On August 22, 2011, the Superior Court (Court) rendered judgment
in Girouardv.Ville de Mont
St-Hilaire1, an interesting decision in the field
of both municipal and environmental law.
The facts can be summarized as follows. On August 7, 1992, the
plaintiffs bought a plot of land located in the immediate vicinity
of Mont St-Hilaire (Plot). The couple held the Plot for 12 years
without building on it. Until 2003, the Plot was located in an area
in which family housing was permitted, but at the risk of rock
falls. In 2003, the City of Mont St-Hilaire (City) undertook
studies and enlarged the zone in which construction was prohibited,
by way of regulation. In 2004, the plaintiffs requested a
construction permit for the Plot, which was refused based on the
modified regulation. This regulation was later amended, but the
property of the plaintiffs remained in the territory within which
all new construction is still prohibited.
The plaintiffs contested the validity of this regulation and,
subsidiarily, claimed damages from the City in the amount of
$540,874 for disguised expropriation of their property, because of
the loss of its market value. They also sued the Royal Institution
for the Advancement of Learning and McGill University, as owners of
a sector of the Mont St-Hilaire, alleging an abnormal neighbourhood
annoyance because of the risk of falling rocks, and sought a court
order so that stabilization works be performed to prevent rock
slides or, in the alternative, a condemnation to pay damages.
The Superior Court dismissed the plaintiffs' action in
favour both of the City of Mont St-Hilaire and of the Royal
Institution and McGill University, with costs.
Firstly, the Court held that a municipal council has, pursuant
to the Act Respecting Land Use Planning and Development,
the power to independently regulate landslide zones, and to
regulate or prohibit all or certain land uses, structures or works,
taking into account the danger of rockfalls, or any other factor
specific to the nature of a place which may be considered for
reasons of public safety. Once this regulation has been validly
adopted, the municipality is justified in refusing to issue a
construction permit that would otherwise contravene its
The Court rejected the plaintiffs' argument that the
regulation of the City constituted a disguised expropriation,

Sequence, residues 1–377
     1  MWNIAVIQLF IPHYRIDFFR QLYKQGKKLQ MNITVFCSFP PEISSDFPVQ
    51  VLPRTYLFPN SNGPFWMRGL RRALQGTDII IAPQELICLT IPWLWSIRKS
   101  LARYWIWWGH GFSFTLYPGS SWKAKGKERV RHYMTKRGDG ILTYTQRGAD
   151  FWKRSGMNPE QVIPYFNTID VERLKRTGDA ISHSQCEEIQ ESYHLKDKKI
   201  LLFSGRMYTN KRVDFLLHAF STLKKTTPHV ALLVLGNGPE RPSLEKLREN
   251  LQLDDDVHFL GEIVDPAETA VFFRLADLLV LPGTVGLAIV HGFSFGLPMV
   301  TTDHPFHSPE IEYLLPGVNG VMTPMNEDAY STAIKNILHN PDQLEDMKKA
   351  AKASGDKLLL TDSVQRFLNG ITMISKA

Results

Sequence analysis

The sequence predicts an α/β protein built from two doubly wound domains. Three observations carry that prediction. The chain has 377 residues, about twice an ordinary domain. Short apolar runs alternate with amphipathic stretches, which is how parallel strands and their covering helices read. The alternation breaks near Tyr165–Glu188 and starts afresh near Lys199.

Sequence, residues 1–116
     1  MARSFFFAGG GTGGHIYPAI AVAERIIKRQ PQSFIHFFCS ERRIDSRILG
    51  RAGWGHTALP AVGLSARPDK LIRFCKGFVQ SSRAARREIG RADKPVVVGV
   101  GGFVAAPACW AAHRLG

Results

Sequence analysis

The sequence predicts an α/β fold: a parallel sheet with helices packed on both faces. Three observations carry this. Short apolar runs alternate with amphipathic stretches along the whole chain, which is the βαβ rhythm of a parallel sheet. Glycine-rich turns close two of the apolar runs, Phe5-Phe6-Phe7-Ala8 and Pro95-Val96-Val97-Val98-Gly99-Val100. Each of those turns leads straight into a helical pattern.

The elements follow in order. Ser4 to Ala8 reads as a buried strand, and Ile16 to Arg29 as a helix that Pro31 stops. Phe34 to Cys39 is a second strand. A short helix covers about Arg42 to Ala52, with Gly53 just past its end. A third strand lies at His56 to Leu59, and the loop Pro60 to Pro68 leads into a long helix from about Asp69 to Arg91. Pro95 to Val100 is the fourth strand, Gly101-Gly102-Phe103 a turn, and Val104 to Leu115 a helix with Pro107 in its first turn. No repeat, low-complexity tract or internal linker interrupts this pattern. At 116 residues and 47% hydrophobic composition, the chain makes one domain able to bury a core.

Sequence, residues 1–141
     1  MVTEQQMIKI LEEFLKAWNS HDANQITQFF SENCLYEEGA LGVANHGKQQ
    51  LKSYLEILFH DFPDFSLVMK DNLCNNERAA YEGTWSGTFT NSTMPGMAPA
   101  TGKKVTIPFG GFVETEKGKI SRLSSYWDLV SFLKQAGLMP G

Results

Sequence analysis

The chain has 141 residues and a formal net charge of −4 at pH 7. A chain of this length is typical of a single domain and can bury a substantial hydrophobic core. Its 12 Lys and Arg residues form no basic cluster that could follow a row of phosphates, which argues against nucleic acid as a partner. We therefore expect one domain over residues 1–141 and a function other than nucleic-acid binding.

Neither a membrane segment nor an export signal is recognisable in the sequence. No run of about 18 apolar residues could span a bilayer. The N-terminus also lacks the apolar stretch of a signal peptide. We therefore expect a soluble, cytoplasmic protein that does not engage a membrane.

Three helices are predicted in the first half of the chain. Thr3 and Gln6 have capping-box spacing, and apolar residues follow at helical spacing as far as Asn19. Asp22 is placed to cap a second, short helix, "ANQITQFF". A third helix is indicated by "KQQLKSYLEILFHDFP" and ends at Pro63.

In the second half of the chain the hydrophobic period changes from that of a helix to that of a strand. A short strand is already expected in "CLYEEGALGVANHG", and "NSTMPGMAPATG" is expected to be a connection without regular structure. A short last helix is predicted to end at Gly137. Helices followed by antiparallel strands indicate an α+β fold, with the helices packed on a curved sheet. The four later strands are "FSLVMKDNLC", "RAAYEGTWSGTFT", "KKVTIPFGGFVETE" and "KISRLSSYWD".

without a fair and prior compensation. According to the Court, a
party invoking disguised expropriation must establish that the City
used its regulating power in bad faith, or for illegitimate or
unreasonable purposes, which was not proven in this case.
With respect to the claim against the Royal Institution and
McGill University, the Court explains that it cannot grant the
injunction requested by the plaintiffs to perform stabilization
works to prevent the risk of falling rocks. On the one hand, the
conclusions sought are too vague to be executed and, on the other
hand, they did not take into account the restrictions imposed by
the "Conservation Agreement" with the Ministry of
Environment, regarding the area of the Mont St-Hilaire at stake and
prohibiting any activity which could disturb the ecosystem, except
through ministerial authorization.
Moreover, the Court concluded that the risk of rock falls did
not constitute an abnormal neighbourhood annoyance in the
circumstances. The Court specified that the plaintiffs were aware
of the landslide risk from the moment they bought the property, and
that it would also be unfair to blame the Royal Institution and
McGill University for this, given that the risk did not emanate
from their actions, but was a natural phenomenon influenced by
various environmental factors outside of human control.
Consequently, the Court held that the risk of rockfalls was
foreseeable at the time of purchase of the Plot, and that the
plaintiffs thus accepted this inconvenience within the limits of
Article 976 of the Civil Code of Québec.
McCarthy Tétrault was representing the Royal Institution
for the Advancement of Learning and McGill University in this
1. 2011 QCCS 4273
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